I first met Malina Moye four years ago, during a research interview for the documentary, Nice & Rough: Black Women In Rock. Malina’s energy is infectious, and her determination is reflected in her resume. She is revered as one of the best guitarists in the land – and one of the only women invited to join the “Jimi Hendrix Experience.” So here we go….5 questions and 5 Lbs. of ROCK!
SHEILA: Describe your brand of rock?
MALINA: I always say Funk-Rock. Rock is the base but the color tones are soul and funk. My goal is to take what influences me artistically from the iconic musical eras, and make it all contemporary. In my live performances, the fans can expect a lot of energy and who knows, maybe even a spiritual experience!
SHEILA: As a left-handed guitar player, you are often compared to Jimi Hendrix. Who are the women in rock who inspired you?
MALINA: Tina Turner, Heart! The Wilson sisters are incredible. I love Janis Joplin. I love the freedom she eludes on stage. I guess I was always interested in the women who were bringing it on stage like a man traditionally would – but as a woman.
SHEILA: What moment was been the highlight of your career – and why?
MALINA: There’s been so many good moments. I think one is playing the Rock and Roll Hall of Fame tribute concert for Chuck Berry with Chuck Berry in the audience…and then to rock with him onstage in the finale. It’s surreal when you actually see a person perform. Then suddenly you start running through other artists in your mind and realize, where/who Prince borrowed something from, or The Stones got something from – and it trickles down the line and somewhere, I interpret it into what I’m doing.
I felt so lucky to have my life intersect with his at that moment and to hear what he thought about me and my music. I made a lot friends that night and a few of those icons passed away shortly after. It really puts things in perspective. Treasure every moment.
SHEILA: You are about to release your new album, “Bad As I Wanna Be,” next month (March 23rd) What is the most powerful lyric from that album that makes you feel good, when you sing it?
MALINA: I love songwriting, it’s a part of me. I love telling stories – whether they are my truths or someone else’s. One of my favorite lyrics is from the song Enough. It’s says “when I was young, I thought the world owed me everything. Boy so much has changed. It seems to me, I cannot be what I need to be. The scar’s to deep oh.” I love this lyric. It’s about the scars of being American. I think it’s one of my favorite songs on the album.
SHEILA: Do you have a ritual – something special you do – before your performances?
MALINA: Yes, my dad tells me that I play with each one of my guitar pedals a few times a piece before a stage performance. Then, I generally walk around the venue before the show and say, “Please be good to me tonight.” I don’t know, it feels like I’m asking for permission to play there that night (lol).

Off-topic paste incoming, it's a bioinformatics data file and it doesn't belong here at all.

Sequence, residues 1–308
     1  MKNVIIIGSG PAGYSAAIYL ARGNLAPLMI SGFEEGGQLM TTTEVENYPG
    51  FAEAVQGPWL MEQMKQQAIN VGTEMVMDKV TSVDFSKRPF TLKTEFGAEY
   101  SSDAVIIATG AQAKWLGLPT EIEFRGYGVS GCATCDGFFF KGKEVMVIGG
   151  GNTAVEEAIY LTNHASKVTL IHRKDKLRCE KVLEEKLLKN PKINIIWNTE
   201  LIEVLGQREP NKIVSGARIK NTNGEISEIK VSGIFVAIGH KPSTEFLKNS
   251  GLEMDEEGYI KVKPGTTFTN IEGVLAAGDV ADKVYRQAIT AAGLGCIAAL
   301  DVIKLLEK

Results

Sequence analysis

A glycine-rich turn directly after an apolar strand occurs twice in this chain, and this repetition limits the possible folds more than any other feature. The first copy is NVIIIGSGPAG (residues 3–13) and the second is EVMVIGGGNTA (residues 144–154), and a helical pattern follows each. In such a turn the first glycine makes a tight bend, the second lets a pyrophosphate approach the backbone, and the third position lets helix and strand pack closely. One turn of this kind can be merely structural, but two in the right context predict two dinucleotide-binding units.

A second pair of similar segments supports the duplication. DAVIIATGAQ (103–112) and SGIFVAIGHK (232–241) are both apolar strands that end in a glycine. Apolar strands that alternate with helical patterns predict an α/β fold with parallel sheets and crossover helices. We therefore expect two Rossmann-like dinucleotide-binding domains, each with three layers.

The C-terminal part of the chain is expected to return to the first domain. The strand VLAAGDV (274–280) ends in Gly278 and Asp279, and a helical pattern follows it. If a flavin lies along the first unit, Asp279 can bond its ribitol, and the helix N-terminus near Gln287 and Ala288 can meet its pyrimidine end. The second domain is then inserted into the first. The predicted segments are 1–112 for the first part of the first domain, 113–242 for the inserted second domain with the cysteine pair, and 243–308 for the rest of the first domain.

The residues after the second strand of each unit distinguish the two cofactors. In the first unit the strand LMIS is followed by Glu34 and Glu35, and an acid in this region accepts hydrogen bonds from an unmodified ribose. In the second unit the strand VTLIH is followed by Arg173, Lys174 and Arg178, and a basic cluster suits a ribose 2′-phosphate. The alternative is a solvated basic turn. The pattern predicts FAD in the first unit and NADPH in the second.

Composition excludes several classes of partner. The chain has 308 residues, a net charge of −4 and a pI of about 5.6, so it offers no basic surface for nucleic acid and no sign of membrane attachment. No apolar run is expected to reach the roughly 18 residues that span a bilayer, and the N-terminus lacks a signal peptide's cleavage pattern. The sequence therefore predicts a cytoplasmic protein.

You can keep up with Miss Moye at malinamoye.com
Sheila Dianne Jackson is an award-winning author, biographer and CEO of Eve’s Lime Productions. She is Director of the upcoming documentary, “Nice & Rough: Black Women IN Rock.”
Songwriter, musician, rocker, Tamar Kali teamed up with award-winning director, Dee Rees to score Mudbound. Tamar made an appearance and contributed to the soundtrack of Dee Rees’, Pariah. This time Tamar scored the entire project, which was an official selection of the 2017 Sundance Film Festival, where it sold to Netflix for 12.5 million dollars. The film has received 12 major nominations in the 2018 awards season, including an Oscar nom for Best Picture.
Mudbound is the story of two men – one white, one Black – who return home to rural Mississippi from World War II. They forge a friendship based on their shared war experiences, as they struggle to deal with racism and adjusting to life after war. In an interview with Billboard, Director Dee Rees, said, “My hope for this score is that it would sound like it bubbled up from the earth, that it was ‘in the trees,’ and would simultaneously evoke the indifference of nature and the resilience of humanity. Tamar-kali did just that. She made the rocks cry out.”
Mudbound is currently available on Netflix. Click here for the Soundtrack.
Rosetta Tharpe, “The God-Mother of Rock N’ Roll” and “Mother of Black Women In Rock” will be inducted into the Rock N’ Roll Hall of Fame this Spring. Sister Rosetta began singing and playing guitar in the ‘sanctified’ church – which frowned upon secular music, women wearing pants and anything other than heterosexuality. Despite opposition, she persisted in both music worlds, and inspired the sound of early rock legends like Chuck Berry.
In the tradition of Nice & Rough, Sister Rosetta could only do it one way…. Unapologetic and powerful, like a parent to a child she passed down a legacy of boldness, authenticity, sexual freedom, and an uncensored voice to new generations of Black Women In Rock!